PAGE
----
There is no compelling force on the matter and, perhaps the Vice President made the promise and order at a town hall meeting in Akwa Ibom at the time as a public relations stunt for the administration. There were voices from within oil circles that dismissed the directive as unenforceable, not because it was not a step in the right direction but because the oil firms are too ‘powerful’. It may well be so given that the call for their relocation has assumed the fate of the Second Niger Bridge in the South East as a campaign promise every candidate dangles at the people. If the region has full control of the oil wells, oil firms cannot hide behind the protection of power-brokers in the central government to maintain the perpetual lip service to that age-old demand.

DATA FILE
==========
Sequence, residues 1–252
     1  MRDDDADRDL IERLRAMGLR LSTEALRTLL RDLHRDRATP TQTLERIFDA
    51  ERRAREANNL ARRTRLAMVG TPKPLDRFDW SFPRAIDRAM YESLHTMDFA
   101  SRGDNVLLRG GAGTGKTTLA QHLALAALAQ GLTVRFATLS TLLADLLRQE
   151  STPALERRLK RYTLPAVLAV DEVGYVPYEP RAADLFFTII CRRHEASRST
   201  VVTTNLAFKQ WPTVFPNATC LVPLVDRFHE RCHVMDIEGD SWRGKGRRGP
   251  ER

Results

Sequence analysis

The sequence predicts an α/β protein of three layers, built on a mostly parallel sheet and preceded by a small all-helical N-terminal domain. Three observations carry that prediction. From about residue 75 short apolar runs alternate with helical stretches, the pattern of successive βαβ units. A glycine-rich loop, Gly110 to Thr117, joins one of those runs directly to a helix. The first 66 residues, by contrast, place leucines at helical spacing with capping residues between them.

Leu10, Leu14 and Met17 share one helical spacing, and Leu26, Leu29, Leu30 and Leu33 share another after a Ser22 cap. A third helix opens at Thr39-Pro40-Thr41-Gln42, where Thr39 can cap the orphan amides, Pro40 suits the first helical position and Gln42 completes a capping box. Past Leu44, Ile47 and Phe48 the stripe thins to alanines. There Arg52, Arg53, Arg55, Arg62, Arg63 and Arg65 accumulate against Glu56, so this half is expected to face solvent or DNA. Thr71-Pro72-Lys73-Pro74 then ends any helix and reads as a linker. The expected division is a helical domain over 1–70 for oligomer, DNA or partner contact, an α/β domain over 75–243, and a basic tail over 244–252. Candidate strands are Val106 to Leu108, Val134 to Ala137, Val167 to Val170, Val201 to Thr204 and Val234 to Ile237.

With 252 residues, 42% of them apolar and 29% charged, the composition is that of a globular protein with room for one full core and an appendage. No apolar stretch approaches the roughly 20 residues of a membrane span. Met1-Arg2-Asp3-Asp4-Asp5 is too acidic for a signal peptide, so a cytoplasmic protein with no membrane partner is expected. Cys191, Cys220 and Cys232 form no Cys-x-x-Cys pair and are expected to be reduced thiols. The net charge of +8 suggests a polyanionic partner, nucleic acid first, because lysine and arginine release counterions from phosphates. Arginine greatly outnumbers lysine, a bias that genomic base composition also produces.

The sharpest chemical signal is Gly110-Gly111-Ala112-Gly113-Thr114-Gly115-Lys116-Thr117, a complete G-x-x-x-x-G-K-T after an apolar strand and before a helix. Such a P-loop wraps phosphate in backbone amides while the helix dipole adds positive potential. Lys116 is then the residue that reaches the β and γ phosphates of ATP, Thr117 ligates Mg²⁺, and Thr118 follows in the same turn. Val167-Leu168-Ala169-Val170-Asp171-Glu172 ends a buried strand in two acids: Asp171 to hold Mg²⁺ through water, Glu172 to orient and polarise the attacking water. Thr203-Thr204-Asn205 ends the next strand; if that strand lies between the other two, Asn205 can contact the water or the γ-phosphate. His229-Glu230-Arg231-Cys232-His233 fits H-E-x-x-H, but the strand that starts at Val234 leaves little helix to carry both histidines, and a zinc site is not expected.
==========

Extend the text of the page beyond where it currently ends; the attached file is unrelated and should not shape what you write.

Yet the Vice President says Nigeria does not need restructuring in a geographical sense in an ironic departure from the campaign pillar of the APC. He said the problem besetting the nation is not restructuring as being suggested in many quarters. His senior special assistant on media and publicity, Mr. Laolu Akande, released a statement wherein he quoted Osinbajo to have said the foregoing while fielding questions from Nigerians in a town hall meeting in Minnesota, the United States of America, on Sunday.
‘The problem with Nigeria is not a matter of restructuring and we must not allow ourselves to be drawn into the argument that our problems stem from some geographical restructuring. It is about managing resources properly and providing for the people properly, that is what it is all about,” he was quoted as saying.